This place is famous. Architect Mies van der Rohe designed it for his client, Dr. Edith Farnsworth, as her weekend retreat; it was designed and constructed between 1954 and 1951.
Or, evidently, he designed it without really listening to what she wanted, and the two of them were bitter enemies before it was all over. Writing about the conflict in 1998, author Alice T. Friedman asserted that “[t]here is no evidence to suggest that [Farnsworth] sought to have her behavior challenged by the ‘inner logic’ of Mies’s unyielding architectural vision; on the contrary, she seems to have had a clear idea about how she wanted to live and she expected the architect to respect her views… [S]he soon discovered that what Mies wanted, and what he had thought he had found in her, was a patron who would put her budget and her needs aside in favor of his own goals and dreams as an architect.”
There were (and still are) problems with it. It’s all glass, so it’s hot in the summer, cold in the winter; the original house didn’t even have an air conditioner and didn’t have adequate natural ventilation. At night, the lights from inside the house drew in insects. It floods, a lot. (In fact, when we were there, it had just reopened after high water from the nearby river made it inaccessible.) In 1996 water rose to five feet inside, high enough to float a Warhol portrait of Liz Taylor off the wall down the river; it was seen again.
And the cost? She’d intended to spend between $8,000 and $10,000 but the final cost was somewhere around $74,000. “My house is a monument to Mies van der Rohe, and I’m paying for it," Dr. Farnsworth reportedly told her nephew.
When I was in architecture school, we had to draft perspectives by hand using very long straightedges and vanishing points that were (usually) so far away they were literally off the paper. And if you didn’t get it set up the right way from the beginning, you’d end up with a goofy perspective that flattened things to the point that some of the architectural elements became ridiculous.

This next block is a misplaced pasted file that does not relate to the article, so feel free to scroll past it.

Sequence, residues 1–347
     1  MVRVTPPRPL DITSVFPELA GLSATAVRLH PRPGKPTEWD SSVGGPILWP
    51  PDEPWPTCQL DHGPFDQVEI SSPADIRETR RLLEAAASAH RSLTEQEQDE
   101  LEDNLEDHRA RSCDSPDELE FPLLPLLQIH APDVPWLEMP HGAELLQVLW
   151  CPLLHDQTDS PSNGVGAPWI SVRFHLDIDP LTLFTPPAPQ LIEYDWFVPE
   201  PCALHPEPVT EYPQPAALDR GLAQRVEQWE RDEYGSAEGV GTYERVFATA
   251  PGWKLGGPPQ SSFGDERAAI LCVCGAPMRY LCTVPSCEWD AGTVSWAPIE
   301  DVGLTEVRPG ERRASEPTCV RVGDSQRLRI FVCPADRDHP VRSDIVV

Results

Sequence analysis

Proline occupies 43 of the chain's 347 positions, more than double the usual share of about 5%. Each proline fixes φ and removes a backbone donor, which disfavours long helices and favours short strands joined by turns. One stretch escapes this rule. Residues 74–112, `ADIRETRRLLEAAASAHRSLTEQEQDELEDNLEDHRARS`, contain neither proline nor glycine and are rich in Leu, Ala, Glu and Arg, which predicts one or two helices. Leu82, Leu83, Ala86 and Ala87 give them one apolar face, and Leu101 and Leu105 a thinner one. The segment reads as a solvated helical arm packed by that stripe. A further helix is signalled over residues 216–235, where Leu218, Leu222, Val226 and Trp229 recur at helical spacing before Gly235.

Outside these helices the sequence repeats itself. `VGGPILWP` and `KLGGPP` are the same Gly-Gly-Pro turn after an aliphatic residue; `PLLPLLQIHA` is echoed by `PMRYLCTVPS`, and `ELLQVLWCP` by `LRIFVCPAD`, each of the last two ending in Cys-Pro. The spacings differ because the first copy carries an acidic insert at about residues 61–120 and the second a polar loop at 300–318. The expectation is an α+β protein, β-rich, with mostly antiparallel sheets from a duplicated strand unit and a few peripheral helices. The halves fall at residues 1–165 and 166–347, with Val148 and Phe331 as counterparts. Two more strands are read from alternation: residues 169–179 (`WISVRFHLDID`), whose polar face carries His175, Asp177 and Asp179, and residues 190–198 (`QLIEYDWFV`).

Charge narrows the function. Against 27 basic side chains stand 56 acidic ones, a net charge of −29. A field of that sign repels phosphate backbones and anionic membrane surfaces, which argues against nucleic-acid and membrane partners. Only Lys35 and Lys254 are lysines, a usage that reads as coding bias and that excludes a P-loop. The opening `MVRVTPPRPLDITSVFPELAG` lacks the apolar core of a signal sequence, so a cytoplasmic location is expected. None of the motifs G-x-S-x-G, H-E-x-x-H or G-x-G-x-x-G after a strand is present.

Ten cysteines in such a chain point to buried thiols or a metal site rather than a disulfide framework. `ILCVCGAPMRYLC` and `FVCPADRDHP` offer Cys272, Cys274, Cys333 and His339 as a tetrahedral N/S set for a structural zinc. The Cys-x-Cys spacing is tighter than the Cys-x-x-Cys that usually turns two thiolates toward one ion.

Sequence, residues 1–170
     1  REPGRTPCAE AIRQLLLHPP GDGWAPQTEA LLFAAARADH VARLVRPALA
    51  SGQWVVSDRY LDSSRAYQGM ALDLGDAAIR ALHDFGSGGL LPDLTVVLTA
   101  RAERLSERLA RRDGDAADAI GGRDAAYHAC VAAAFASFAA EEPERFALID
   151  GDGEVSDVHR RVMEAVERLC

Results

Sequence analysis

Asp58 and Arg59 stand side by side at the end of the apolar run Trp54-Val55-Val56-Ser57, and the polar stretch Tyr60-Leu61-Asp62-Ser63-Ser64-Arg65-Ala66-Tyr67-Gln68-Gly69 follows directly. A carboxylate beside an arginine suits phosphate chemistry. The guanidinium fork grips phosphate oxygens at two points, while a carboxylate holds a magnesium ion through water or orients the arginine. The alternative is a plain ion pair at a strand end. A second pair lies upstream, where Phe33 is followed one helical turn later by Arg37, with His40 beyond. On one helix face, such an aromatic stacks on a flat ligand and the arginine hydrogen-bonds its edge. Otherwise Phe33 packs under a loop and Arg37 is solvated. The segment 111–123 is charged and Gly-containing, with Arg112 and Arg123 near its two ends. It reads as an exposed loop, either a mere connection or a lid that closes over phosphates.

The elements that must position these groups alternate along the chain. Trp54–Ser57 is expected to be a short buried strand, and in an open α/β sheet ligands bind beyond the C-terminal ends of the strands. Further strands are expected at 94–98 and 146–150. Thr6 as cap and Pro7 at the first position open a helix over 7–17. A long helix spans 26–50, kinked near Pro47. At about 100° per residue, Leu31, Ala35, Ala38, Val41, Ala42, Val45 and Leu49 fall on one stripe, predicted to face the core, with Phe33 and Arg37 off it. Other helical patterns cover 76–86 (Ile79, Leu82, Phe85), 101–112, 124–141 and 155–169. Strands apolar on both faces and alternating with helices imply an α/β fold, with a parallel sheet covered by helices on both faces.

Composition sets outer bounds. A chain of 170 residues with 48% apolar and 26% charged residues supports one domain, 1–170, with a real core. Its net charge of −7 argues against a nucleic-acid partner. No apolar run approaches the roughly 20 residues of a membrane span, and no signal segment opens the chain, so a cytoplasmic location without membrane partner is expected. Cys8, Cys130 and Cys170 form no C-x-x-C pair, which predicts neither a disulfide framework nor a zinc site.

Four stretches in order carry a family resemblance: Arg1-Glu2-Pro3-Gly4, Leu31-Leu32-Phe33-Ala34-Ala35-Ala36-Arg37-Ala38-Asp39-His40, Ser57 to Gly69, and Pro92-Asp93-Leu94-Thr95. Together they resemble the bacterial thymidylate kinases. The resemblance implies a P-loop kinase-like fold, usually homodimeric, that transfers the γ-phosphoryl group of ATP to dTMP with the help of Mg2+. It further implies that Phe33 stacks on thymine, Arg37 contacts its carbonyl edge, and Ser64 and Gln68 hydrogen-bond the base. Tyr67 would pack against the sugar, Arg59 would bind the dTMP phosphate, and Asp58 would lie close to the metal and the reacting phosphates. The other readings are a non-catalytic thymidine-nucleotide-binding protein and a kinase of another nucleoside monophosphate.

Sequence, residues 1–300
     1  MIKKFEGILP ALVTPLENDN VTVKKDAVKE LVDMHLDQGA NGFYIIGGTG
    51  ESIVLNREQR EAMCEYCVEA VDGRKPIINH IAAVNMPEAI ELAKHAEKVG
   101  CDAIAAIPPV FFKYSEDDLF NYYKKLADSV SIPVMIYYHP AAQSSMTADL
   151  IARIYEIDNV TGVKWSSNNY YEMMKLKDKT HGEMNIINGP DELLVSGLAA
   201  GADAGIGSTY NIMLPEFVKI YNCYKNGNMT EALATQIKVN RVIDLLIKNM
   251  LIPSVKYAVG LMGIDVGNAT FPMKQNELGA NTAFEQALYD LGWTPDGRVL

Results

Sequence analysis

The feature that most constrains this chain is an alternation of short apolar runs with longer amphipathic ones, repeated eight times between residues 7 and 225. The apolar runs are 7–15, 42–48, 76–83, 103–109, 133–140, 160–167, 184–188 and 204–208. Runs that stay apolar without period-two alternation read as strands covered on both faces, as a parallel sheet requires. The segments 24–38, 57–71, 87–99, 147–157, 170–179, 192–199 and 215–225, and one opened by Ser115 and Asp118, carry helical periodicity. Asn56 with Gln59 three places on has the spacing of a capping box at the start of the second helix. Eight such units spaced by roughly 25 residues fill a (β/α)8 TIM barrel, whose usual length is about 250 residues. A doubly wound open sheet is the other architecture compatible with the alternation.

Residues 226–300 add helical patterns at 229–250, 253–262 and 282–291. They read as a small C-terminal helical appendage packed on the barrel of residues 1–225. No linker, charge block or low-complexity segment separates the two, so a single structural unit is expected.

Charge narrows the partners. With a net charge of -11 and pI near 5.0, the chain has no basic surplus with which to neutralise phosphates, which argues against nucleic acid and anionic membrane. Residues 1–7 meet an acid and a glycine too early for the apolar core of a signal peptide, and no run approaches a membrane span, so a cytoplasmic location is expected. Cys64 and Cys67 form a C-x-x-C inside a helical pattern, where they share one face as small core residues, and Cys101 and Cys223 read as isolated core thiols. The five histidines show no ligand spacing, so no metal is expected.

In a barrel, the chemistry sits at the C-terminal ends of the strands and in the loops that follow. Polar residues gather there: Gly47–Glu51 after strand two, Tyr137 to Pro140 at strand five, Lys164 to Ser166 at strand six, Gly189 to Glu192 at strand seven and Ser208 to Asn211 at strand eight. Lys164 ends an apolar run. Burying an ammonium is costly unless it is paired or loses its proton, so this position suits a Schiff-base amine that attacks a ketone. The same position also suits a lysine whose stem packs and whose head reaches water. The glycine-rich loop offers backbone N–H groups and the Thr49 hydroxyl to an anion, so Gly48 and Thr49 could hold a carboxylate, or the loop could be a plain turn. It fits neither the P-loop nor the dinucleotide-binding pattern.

I was terrible at setting up perspectives back then; it’s good to know that I can still fuck it up, even with a camera! Yay, me!!
Sometimes you just have to do it – the cliched shot is right there, waiting on you to make it. This was, of course, one of those times.
(PS – I used DxO’s Perspective Efex plug-in to get those verticals all lined up – it worked great and you should try it, if you’ve got verticals that aren’t, you know, vertical.)
from the Wells Street Bridge
In retrospect, maybe deciding that THIS year, 2020, the biggest shitshow of years – was when we ought to finally build that weekend place we’ve been talking about for 15 years, was a decision doomed to failure. Short-term failure (I hope), but failure nonetheless.
Our contractor was supposed to be done the first weekend of April. We fired him at the end of June. And here we are, the beginning of August, while we wait on the next contractor to get us prices to finish up. He says he’ll have the numbers “in a few days,” but he’s been saying that for longer than I care to contemplate.
So, anyway, this is what it looks like now. Things should get moving again. In a few days.
Yellowhouse Canyon, Texas